Flexfield Qualifier: A flexfield qualifier identifies a particular segment of a key flexfield.
Usually an application needs some method of identifying a particular segment for some application purpose such as security or computations. However, since the a key flexfield can be customized so that segments appear in any order with any prompts, the application needs a mechanism other than the segment name or segment order to use for segment identification. Flexfield qualifiers serve this purpose. You can think of a flexfield qualifier as an "identification tag" for a segment.
For example, your Oracle General Ledger product needs to be able to identify which segment in the Accounting Flexfield contains balancing information and which segment contains natural account information. Since you can customize the Accounting Flexfield so that segments appear in any order with any prompts, Oracle General Ledger needs the flexfield qualifier to determine which segment you are using for natural account information. When you define your Accounting Flexfield, you must specify which flexfield qualifiers apply to which segments.
Other applications, such as Oracle Human Resources, also use flexfield qualifiers. Oracle Human Resources uses flexfield qualifiers to control who has access to confidential information in flexfield segments.
A segment qualifier identifies a particular type of value in a single segment of a key flexfield. In the Oracle Applications, only the Accounting Flexfield uses segment qualifiers. You can think of a segment qualifier as an "identification tag" for a value. In the Accounting Flexfield, segment qualifiers can identify the account type for a natural account segment value, and determine whether detail posting or budgeting are allowed for a particular value.
It is easy to confuse the two types of qualifiers. You should think of a flexfield qualifier as something the whole flexfield uses to tag its pieces, and you can think of a segment qualifier as something the segment uses to tag its values.
Types of Key Flexfield Forms: Key flexfields appear on three different types of application form:
1. Combinations form
2. Foreign key form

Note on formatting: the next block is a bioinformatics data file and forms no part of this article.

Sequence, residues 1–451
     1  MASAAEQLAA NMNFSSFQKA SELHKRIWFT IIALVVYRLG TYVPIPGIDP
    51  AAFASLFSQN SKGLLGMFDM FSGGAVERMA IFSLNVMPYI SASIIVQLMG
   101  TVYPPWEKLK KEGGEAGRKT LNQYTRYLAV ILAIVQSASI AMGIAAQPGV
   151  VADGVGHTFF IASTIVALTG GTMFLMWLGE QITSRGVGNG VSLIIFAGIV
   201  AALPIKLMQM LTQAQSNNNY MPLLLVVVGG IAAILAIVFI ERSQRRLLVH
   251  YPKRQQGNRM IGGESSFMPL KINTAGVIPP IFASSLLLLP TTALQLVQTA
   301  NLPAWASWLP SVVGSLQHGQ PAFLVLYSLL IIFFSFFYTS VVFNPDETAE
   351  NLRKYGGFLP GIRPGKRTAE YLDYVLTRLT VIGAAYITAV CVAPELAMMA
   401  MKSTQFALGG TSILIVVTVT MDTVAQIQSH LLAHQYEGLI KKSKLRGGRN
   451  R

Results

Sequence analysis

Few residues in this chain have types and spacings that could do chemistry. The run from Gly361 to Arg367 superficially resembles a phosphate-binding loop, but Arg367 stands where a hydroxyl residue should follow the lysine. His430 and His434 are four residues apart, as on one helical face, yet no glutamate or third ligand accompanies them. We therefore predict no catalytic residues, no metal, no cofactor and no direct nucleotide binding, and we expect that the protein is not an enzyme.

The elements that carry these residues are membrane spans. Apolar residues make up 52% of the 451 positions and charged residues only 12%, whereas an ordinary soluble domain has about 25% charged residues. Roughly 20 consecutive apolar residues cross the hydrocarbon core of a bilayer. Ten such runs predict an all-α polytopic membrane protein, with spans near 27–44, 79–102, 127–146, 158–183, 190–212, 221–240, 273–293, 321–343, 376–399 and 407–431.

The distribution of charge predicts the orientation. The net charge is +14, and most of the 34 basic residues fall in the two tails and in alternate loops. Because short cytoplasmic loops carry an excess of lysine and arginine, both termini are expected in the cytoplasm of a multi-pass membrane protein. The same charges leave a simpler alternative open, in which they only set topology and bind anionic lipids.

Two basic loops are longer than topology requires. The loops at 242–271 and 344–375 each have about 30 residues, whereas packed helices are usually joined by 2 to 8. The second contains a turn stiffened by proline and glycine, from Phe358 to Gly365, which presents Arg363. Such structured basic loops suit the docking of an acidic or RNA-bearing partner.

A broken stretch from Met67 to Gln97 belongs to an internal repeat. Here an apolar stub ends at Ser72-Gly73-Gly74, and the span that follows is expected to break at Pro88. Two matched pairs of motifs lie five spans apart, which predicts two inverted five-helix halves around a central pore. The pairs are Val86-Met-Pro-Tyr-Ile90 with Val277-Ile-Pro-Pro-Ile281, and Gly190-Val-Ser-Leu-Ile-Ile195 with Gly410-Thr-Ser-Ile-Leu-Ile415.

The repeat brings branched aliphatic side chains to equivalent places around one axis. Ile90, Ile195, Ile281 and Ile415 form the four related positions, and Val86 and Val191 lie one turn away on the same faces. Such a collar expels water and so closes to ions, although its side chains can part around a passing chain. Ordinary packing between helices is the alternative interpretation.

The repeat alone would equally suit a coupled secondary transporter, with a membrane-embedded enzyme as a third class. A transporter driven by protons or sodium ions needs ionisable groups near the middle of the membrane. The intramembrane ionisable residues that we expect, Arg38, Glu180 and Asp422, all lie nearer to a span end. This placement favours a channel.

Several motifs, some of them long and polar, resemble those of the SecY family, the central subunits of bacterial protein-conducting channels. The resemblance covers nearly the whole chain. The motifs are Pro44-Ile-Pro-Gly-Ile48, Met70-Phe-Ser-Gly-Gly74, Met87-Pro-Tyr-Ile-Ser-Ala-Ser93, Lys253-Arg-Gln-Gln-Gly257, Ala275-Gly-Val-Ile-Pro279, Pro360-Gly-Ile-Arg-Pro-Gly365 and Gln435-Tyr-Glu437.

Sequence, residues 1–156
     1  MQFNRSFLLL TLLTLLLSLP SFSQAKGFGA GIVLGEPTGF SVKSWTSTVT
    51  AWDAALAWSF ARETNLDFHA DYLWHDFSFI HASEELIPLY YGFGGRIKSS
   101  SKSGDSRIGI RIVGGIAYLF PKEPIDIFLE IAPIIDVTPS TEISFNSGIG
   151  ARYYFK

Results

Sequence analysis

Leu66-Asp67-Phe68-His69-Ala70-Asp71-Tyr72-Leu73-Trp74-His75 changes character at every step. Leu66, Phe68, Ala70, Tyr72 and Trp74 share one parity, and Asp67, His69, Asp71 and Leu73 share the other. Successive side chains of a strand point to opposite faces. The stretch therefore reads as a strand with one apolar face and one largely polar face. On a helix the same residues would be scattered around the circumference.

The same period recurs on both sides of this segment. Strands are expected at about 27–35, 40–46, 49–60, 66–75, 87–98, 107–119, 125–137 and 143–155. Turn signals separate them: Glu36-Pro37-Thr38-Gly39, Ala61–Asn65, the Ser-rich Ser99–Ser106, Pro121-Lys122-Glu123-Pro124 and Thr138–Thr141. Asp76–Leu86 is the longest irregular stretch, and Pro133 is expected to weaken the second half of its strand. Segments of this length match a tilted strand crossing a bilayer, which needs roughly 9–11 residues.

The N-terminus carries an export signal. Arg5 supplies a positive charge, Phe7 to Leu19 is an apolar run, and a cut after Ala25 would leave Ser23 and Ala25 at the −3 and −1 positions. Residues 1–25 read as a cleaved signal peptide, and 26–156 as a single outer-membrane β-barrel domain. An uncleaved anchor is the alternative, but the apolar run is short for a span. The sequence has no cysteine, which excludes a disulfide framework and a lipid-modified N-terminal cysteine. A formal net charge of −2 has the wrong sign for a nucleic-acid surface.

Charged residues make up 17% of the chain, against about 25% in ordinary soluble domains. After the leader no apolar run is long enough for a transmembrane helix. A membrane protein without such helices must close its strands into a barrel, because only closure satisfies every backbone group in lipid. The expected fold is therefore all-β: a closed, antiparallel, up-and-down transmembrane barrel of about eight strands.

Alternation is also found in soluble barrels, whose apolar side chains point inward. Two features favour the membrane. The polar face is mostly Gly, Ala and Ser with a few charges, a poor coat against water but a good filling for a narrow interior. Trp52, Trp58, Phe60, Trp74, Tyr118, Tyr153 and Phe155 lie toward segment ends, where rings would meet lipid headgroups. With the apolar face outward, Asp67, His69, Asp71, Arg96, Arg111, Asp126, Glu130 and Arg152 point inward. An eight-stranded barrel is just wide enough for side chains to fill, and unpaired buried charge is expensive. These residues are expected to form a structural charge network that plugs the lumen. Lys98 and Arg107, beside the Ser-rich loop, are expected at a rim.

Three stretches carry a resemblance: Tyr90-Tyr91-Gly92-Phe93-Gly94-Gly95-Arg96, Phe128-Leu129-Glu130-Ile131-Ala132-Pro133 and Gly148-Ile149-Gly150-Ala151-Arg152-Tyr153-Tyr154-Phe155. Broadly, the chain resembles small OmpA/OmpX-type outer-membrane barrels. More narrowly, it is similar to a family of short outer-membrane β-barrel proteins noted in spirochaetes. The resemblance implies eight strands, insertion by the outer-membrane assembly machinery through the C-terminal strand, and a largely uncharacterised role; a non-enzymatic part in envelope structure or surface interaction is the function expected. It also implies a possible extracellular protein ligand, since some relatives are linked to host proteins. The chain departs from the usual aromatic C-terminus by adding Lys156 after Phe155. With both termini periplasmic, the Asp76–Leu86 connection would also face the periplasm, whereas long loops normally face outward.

3. Range form
These form types correspond to the types of tables that contain key flexfield data.
1. Combinations form: A combinations form is a form whose only purpose is to maintain key flexfield combinations. The base table of the form is the actual combinations table. This table is the entity table for the object (a part, or an item, an accounting code, and so on). The form contains hidden fields for each segment column in the table, as well as displayed fields for the concatenated segment values (the combination) and any other fields (and columns) that the entity requires. A combinations form is sometimes also called a maintenance form.
Foreign key form: A foreign key form is a form whose underlying base table contains only one or two columns that contain key flexfield information. The purpose of a foreign key form often has very little to do with the key flexfield itself, and that the key flexfield appears on the form is essentially incidental. For example, if you have a key flexfield that represents a part number, you would use the combinations form to define new parts and maintain existing part numbers. You would then have many foreign key forms that you use to manipulate your parts. You might have a form where you take orders for parts, another form where you receive parts, and yet another form where you ship parts. The fact that your part number happens to be a key flexfield is not important to your taking orders for your parts.